TellUs - from stardust to modern technology

Permanent exhibition

Join us on a trip through time and space. TellUs is the new geological exhibition at the Arctic University Museum of Norway.


Have you ever marvelled at the landscape around you, the clues to understanding our planets history and future? Learn to read the archive found in the rock record. Earth is remarkably old, the amount of time so large it defies our imagination. In Earth’s own archive modern humans merely fill the last sheet of paper out of 22 700 sheets.

 

Since its formation, Earth has constantly changed and still does so. The global processes controlling the changes leave traces in the rock archive around us. Hike four stunning peaks around Tromsø, each with its own geological theme, indoors in the museum or outdoors. Study the same peaks in our high-resolution panorama indoors.

Or read about them here;

 


Trace the shifting positions of continents through time; where was Tromsø located 500 million years ago?

Life is shaped by Earth but also shapes Earth as a geological force.  Through the activity of bacterial lifeforms, one of the most fundamental changes in the history of Earth took place. Filling the atmosphere with oxygen and nearly wiping out life in the same process.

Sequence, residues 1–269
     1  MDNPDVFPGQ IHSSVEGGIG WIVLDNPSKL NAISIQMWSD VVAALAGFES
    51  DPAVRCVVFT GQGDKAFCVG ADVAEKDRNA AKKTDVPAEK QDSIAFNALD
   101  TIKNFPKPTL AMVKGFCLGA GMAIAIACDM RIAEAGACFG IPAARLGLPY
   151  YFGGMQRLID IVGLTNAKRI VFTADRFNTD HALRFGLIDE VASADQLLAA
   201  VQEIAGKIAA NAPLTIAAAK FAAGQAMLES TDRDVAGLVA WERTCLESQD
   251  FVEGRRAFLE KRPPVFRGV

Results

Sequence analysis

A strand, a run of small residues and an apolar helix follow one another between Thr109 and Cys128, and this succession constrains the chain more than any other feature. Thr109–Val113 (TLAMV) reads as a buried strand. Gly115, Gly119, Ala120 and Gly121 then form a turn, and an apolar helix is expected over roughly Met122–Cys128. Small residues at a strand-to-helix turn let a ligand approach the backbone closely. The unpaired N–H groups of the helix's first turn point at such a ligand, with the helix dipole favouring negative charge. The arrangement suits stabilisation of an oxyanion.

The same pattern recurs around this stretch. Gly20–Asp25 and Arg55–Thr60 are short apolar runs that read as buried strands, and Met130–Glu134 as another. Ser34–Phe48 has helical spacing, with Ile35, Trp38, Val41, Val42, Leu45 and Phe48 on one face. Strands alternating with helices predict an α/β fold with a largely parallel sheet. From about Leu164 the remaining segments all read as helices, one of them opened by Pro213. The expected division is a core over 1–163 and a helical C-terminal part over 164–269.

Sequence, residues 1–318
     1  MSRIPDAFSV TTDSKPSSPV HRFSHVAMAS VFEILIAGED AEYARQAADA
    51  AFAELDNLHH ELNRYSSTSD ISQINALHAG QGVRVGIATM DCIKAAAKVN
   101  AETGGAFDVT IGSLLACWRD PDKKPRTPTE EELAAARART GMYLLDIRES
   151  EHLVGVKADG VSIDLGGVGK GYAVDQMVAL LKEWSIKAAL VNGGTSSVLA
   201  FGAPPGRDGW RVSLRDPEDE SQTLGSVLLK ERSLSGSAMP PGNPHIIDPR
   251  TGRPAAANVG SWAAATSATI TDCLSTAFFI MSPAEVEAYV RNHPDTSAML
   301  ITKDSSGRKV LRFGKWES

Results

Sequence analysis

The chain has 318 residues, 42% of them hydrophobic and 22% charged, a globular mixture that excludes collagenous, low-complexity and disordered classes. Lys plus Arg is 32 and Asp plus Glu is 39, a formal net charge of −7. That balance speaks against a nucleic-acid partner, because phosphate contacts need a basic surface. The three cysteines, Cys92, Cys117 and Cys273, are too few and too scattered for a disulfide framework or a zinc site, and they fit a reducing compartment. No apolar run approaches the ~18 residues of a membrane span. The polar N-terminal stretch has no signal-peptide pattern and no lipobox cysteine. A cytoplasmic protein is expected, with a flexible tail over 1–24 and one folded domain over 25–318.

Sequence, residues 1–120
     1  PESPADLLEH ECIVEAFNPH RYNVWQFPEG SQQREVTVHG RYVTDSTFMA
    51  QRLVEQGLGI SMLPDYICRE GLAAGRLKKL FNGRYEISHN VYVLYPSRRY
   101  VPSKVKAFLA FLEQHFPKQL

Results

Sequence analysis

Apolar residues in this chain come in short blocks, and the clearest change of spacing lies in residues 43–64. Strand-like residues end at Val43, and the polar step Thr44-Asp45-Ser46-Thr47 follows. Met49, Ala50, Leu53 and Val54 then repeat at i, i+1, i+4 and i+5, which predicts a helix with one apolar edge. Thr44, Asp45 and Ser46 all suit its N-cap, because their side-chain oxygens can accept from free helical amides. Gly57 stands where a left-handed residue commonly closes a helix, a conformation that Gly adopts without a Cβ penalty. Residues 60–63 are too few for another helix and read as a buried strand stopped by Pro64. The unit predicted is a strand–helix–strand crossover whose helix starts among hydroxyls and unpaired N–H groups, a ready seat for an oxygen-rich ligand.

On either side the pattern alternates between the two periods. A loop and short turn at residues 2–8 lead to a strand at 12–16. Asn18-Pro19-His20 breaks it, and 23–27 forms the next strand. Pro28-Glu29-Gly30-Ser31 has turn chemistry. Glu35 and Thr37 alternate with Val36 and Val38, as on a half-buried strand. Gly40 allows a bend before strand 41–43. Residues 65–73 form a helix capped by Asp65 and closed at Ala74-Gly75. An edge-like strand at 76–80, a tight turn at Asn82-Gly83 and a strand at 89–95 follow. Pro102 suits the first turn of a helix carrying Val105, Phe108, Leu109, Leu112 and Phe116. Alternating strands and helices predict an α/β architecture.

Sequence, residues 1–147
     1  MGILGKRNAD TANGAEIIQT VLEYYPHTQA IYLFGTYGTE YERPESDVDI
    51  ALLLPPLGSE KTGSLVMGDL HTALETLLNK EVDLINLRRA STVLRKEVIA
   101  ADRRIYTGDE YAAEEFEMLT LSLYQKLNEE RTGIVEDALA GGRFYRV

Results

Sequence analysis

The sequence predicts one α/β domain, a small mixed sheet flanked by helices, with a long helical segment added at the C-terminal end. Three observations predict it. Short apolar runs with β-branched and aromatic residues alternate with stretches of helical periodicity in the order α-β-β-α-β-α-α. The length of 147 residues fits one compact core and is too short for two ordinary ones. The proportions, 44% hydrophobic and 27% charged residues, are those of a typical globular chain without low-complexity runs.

The traces of this massive change are found in Banded Iron Formations, the source of nearly all the iron used by humans today. Our ability to use oxygen, in fact we depend on it, connects us with bacteria surviving this oxygenation event, meaning that the genes in us governing our oxygen consumption have a history stretching back thousands of millions of years. Life today is in every sense a product of Earth’s history.

 

Our world today is only the last page in 45 400 pages long archive, consider the impact we have on Earth and our use of resources that are older than time itself. How are we managing this heritage today?

 

 

In the exhibition we are showing unique finds from our collections. You can touch many of them, but some are too fragile. look at fossils of early life on Earth, as well as oil, coal, and dinosaurs. Take some time to think about how your everyday life depends on geology. Dive into geological phenomena on our big screen or explore interactive monitors.

Last changed: 24.03.2020 10.32